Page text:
This much acclaimed book, newly available in paperback, is the definitive retrospective of the most popular serious artist in the world today. Covering all media over almost fifty years, and presented thematically to show the evolution and diversity of Hockneys prolific paintings, drawings, watercolours, prints and photography, it also features quotes from the artist himself that illuminate the passionate thinking behind his work. Its huge international success confirms and reinforces Hockneys position as the worlds most popular living artist.
The making of pictures has a history going back perhaps 100,000 years to an African shell used as a paint palette. Two-thirds of it is irrevocably lost, since the earliest images known to us are from about 40,000 years ago. But what a 40,000 years, explored here by David Hockney and Martin Gayford in a brilliantly original book. They privilege no medium, or period, or style, but instead, in 16 chapters, discuss how and why pictures have been made, and insistently link 'art' to human skills and human needs. Each chapter addresses an important question: What happens when we try to express reality in two dimensions? Why is the 'Mona Lisa' beautiful and why are shadows so rarely found in Chinese, Japanese and Persian painting? Why are optical projections always going to be more beautiful than HD television can ever be? How have the makers of images depicted movement? What makes marks on a flat surface interesting? Energized by two lifetimes of looking at pictures, combined with a great artist's 70-year experience of experimentation as he makes them, this profoundly moving and enlightening volume will be the art book of the decade.
The story of David Hockney, one of the most widely acclaimed of all living artists, is one of passion: passion for seeing, passion for telling, passion for images. But to these should be added the passion for life. Hockney's art is a celebration of what it is to be alive. All of his pictures-sometimes tender, as when he draws close friends and family; sometimes playful, as in his paintings of lazy, carefree days at the pool; sometimes awe-inspiring, as with his monumental images of the Grand Canyon-convey what it means to be in the world, to see it, to move in it, to love it. This constant exploration of how to communicate such feelings through his work emerges with particular clarity in this stunning, lively volume, which charts almost fifty years of extraordinary creativity. Hockney's Pictures is the first definitive "retrospective" to show the evolution and diversity of Hockney's prolific paintings, drawings, watercolors, prints, and photography, including new and published works. The pieces, presented thematically, are selected and organized by David Hockney himself, and track Hockney's lifelong experiments in ways of looking and depicting. With 325 illustrations, accompanied by extensive quotes from the artist himself that illuminate the passionate thinking behind the work, Hockney's Pictures is destined to become a classic. David Hockney is Britain's most celebrated living artist and one of the most popular artists working today. His pieces are in the permanent collections of major museums internationally, and his book Secret Knowledge was one of the bestselling art books of 2001.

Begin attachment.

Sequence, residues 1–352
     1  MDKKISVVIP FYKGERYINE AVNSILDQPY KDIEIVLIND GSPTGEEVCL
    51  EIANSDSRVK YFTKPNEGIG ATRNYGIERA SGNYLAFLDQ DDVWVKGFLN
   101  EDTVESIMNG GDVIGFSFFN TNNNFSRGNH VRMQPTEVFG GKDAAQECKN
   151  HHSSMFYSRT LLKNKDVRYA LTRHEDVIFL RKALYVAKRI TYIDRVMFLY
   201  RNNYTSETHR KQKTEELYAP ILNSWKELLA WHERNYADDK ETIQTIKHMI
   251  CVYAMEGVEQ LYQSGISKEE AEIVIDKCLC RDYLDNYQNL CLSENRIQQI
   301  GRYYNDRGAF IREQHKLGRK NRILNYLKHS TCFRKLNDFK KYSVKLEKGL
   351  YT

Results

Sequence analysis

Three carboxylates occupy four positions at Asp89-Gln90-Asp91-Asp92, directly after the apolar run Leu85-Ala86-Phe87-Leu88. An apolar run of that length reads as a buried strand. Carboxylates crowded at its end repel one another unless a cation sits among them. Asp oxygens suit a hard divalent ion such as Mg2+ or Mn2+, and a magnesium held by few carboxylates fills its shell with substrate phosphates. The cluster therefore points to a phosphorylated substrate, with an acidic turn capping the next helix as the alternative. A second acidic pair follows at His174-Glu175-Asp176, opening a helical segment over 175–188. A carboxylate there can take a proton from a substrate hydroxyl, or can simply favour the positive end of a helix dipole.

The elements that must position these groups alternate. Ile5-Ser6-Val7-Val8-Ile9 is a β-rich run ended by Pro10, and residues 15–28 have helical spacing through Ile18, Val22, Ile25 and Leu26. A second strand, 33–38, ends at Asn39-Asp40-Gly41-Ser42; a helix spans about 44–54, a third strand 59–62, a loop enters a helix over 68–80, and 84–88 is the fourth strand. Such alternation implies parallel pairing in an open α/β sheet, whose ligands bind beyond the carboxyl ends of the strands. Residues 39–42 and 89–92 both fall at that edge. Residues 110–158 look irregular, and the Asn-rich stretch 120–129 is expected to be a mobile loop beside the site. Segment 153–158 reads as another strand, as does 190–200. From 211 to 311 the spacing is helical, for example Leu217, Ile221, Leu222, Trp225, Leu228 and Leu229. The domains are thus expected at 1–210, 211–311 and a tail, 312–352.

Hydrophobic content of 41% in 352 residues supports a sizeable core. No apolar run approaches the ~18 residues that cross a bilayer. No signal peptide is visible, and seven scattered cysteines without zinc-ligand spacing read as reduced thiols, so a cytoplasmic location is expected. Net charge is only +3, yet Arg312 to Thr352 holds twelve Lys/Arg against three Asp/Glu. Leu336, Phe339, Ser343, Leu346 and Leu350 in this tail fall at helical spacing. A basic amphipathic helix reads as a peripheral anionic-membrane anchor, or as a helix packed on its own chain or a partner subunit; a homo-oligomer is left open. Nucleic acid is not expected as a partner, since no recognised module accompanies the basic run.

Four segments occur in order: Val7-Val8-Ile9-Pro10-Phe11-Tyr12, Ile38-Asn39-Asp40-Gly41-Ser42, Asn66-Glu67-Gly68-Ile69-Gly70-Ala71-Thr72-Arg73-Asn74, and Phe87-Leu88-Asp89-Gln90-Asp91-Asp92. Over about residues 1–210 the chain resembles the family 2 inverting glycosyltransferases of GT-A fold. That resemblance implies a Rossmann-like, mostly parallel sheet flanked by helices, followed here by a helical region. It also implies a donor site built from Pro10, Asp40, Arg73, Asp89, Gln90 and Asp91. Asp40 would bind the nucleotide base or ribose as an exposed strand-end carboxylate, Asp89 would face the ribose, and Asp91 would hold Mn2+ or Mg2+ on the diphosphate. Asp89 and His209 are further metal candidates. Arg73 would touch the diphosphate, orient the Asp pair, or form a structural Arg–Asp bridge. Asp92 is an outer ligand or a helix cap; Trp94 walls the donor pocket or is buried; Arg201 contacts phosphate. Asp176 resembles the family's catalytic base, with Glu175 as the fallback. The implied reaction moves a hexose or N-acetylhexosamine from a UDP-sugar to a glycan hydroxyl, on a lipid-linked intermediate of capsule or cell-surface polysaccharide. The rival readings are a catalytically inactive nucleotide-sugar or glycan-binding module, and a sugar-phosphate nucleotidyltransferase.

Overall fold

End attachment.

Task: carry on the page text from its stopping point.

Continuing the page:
The perfect gift for Hockney fans and dog lovers everywhere, David Hockney's Dog Days, now in a gift, PLC edition, is an affectionate album devoted to two of the artist's closest friends, his dachshunds Stanley and Boodgie. This beautiful and engaging book includes almost all of Hockney's paintings and drawings of his two companions, dozens of new illustrations created specially for this book, and a text by the artist himself.
Intelligent, conscientious, sensitive. –Burlington Magazine The relationship between art and life has been of overriding importance in the work of David Hockney, who has perhaps enjoyed greater popularity than any other British artist this century. Here Marco Livingstone traces those connections from the beginning of the artist’s career in the early 1960s through the more recent works that have contributed to Hockney’s international reputation. These include photocollages and highly acclaimed stage designs for the opera as well as his embrace of technology, which show the continuing preoccupation with invention and artifice that has made the artist’s work at once popular and enduring. The fourth edition of this best-selling World of Art title includes updated information on Hockney’s work in the past twenty years, such as his foray into the world of digital art including large-scale iPad drawings and video.